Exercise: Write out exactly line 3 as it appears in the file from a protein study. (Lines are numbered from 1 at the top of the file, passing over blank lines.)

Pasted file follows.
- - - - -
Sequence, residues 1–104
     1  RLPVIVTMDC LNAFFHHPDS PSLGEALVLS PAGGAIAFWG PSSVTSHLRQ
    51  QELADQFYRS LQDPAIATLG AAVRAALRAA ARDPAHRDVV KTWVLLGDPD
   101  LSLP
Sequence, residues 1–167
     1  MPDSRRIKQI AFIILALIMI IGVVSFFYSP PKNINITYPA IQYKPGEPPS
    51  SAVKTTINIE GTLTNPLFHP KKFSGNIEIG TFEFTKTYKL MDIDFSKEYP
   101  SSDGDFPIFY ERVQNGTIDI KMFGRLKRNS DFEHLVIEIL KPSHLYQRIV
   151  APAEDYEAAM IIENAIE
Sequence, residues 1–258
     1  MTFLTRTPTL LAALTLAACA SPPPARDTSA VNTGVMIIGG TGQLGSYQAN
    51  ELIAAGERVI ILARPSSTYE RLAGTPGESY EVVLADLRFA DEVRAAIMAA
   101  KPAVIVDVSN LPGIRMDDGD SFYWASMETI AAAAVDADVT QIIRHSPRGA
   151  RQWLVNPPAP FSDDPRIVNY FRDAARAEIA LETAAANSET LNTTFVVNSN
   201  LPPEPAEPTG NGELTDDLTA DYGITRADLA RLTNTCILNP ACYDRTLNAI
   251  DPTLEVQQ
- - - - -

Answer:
    51  QELADQFYRS LQDPAIATLG AAVRAALRAA ARDPAHRDVV KTWVLLGDPD